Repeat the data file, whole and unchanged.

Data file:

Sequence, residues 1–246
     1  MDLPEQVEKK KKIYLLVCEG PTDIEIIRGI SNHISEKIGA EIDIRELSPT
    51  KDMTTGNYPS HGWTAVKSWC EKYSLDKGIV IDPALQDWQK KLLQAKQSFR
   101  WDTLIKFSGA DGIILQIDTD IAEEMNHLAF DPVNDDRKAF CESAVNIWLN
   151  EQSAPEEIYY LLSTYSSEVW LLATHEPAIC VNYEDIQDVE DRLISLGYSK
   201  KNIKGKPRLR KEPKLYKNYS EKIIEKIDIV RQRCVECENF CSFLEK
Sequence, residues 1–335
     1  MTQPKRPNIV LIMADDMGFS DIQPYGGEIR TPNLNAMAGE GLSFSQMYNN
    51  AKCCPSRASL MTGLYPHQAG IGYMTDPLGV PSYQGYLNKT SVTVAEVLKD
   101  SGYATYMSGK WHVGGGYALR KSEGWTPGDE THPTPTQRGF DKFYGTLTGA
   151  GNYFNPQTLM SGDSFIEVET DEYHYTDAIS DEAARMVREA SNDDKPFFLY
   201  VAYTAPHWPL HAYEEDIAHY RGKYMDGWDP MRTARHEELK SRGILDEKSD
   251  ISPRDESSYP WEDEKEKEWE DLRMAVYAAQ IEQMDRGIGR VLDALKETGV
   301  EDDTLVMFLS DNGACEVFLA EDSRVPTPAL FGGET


Sequence, residues 1–246
     1  MDLPEQVEKK KKIYLLVCEG PTDIEIIRGI SNHISEKIGA EIDIRELSPT
    51  KDMTTGNYPS HGWTAVKSWC EKYSLDKGIV IDPALQDWQK KLLQAKQSFR
   101  WDTLIKFSGA DGIILQIDTD IAEEMNHLAF DPVNDDRKAF CESAVNIWLN
   151  EQSAPEEIYY LLSTYSSEVW LLATHEPAIC VNYEDIQDVE DRLISLGYSK
   201  KNIKGKPRLR KEPKLYKNYS EKIIEKIDIV RQRCVECENF CSFLEK
Sequence, residues 1–335
     1  MTQPKRPNIV LIMADDMGFS DIQPYGGEIR TPNLNAMAGE GLSFSQMYNN
    51  AKCCPSRASL MTGLYPHQAG IGYMTDPLGV PSYQGYLNKT SVTVAEVLKD
   101  SGYATYMSGK WHVGGGYALR KSEGWTPGDE THPTPTQRGF DKFYGTLTGA
   151  GNYFNPQTLM SGDSFIEVET DEYHYTDAIS DEAARMVREA SNDDKPFFLY
   201  VAYTAPHWPL HAYEEDIAHY RGKYMDGWDP MRTARHEELK SRGILDEKSD
   251  ISPRDESSYP WEDEKEKEWE DLRMAVYAAQ IEQMDRGIGR VLDALKETGV
   301  EDDTLVMFLS DNGACEVFLA EDSRVPTPAL FGGET